I’ll Have to Pass

No More Garage Sales For Me

By Jeff Salter

This week our topic is garage and/or yard sales… and whether we’ve participated as buyer, seller, or both.

Purchaser

Well, I’ve dabbled in such sales as a purchaser or potential purchaser, but I have to tell you — unless you approach this as a “pro” you’re liable to see mainly the leftover junk. Those I consider pros are the ones who map out the sales of any given weekend, study the ads to determine who potentially has the best stuff, and arrive super early – sometimes even before the announced time – to have their pick of the lot. And those pros do occasionally find real bargains.

But by the time the pros have long gone – and I get around to the sale – all the cool stuff is gone and what remains is usually just more of the same clutter I have at home.

Garage Sale

Seller

Though I/we participated in several – which we either hosted or joined with neighbors or friends – I mostly remember one particular sale, with two other families (I think), which we hosted at our house. This was back in about 1981, I believe.

The sale had a very good attendance and quite a lot was sold. Altogether, it grossed a considerable amount of money and our family’s share was nothing to sneeze at. But let me tell you the two aspects of this sale which totally soured me on ever participating in another (at least as the host family).

Who we partnered with

In this sale, other than some items from a neighbor or two (as I recall), we primarily partnered with my boss. Yeah, my boss at work. We were also friends, but when he took over our garage sale, he didn’t behave like a guest at our sale and he didn’t act like a friend — though “off-duty,” he was still my boss… and he considered himself an expert in garage sales. Consequently, he took charge of how I arranged my garage – which he insisted was totally empty – how the clothing was to be displayed, where the various tables were placed, and what went on them, etc.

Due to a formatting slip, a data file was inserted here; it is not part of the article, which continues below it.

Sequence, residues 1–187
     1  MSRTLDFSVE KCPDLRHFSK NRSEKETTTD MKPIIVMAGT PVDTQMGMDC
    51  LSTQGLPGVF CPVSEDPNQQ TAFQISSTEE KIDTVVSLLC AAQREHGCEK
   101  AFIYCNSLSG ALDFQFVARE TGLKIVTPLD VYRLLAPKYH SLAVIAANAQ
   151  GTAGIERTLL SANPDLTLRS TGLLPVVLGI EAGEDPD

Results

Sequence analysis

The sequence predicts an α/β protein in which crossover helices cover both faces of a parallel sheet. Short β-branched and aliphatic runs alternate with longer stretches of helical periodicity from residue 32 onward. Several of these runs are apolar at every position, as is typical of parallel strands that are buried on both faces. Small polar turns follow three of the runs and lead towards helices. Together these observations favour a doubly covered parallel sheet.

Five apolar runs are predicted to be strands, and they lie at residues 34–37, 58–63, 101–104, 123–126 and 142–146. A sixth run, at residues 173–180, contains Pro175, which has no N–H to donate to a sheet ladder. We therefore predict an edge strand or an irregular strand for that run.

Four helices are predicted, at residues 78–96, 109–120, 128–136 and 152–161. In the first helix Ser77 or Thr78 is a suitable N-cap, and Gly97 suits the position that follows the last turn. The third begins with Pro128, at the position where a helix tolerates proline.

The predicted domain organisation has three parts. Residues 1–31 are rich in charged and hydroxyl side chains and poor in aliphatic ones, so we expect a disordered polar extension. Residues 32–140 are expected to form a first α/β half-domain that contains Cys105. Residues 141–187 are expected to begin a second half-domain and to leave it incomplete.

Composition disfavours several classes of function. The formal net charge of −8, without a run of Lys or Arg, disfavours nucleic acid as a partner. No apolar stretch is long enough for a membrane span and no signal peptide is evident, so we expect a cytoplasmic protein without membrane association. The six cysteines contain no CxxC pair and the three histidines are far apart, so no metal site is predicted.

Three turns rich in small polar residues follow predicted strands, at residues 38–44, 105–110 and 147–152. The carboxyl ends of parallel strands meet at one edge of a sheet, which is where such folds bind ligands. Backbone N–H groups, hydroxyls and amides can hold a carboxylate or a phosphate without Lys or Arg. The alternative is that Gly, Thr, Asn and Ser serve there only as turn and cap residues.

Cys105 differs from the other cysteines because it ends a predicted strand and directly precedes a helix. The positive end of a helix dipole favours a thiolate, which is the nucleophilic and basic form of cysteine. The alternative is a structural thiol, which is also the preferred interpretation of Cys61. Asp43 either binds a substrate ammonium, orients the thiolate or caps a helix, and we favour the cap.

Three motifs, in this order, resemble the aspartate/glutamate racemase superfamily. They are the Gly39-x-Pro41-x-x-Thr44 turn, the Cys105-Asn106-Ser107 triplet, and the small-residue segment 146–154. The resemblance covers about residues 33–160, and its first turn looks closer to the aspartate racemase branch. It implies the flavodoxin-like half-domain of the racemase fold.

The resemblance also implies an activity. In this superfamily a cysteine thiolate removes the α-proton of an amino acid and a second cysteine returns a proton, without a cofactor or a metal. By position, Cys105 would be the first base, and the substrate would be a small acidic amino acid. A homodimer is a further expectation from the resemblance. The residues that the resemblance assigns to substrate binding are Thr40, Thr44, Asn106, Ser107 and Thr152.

The following was a tiny matter in the scheme of the complete sale, but the way it was handled sort of captured how the entire sale was conducted. My (clothes) dryer vent extended a few inches into the garage and my boss wanted to snug a table (or something) against that wall. He said I should remove the dryer vent so we could utilize those extra two inches. I said I didn’t want to pull out that vent because I knew it would be difficult to put back in. So he just reached down and yanked it out. Yeah… like it was his vent at his house. See? He was still my boss.

Who does the bargaining on your stuff

The other huge mistake I made with our two day (Fri. and Sat.) sale was that I went to work that Friday and left the sale in the control of my boss. We had carefully marked all our own items with the asking prices and nobody had discussed how much we might be willing to go below those amounts… or who would make those decisions. In other words, it was left up in the air who would do the bargaining with potential buyers about our merchandise… if we were not there to do it ourselves.

Well, in this instance, I got home from work that Friday, after a brisk sale all day long at my house… and found a lot of my stuff had been sold. That was good (theoretically). Then I learned that my guitar (with case) had been sold for $5.00 and my Frankenstein monster boots had sold for $1.00… and I freaked. “Who sold my great stuff for those cruddy prices?” I wailed. “I would never have let them go for those amounts.”

Well, as you’ve already likely guessed, it was my boss who determined that my merchandise could be sold for only a fraction of the price I had carefully placed on each item. Those two examples are simply the ones I remember in particular. The clear overall theme was that my boss was perfectly willing for me to receive 20 or 25 cents for every dollar of my careful pricing. There was no attempt to phone me at work, no thought (on his part) that I might prefer to keep said items than to let them go at such rock bottom prices.

I should probably clarifyy that my boss was a pretty good person, all told… the problem was that he couldn’t easily let go of being boss when we were in settings other than work. And, further, that he didn’t recognize this behavior was a problem.

Conclusion

After that experience, I had no stomach for any further garage/yard sales. Even if I’d not developed such a bad taste in my mouth – for the sale (at my home) being “bossed” by my work supervisor and my carefully priced items being liquidated for laughably piddling amounts – I would be deterred from future sales by the sheer amount of work involved. Everything has to be identified, relocated, sorted, priced, and displayed. A location must be set in a high traffic area. Publicity – ads and signs – must be dealt with. Somebody has to handle the money and the decisions. And somebody has to sit at the sale for those 10-12 hours each day.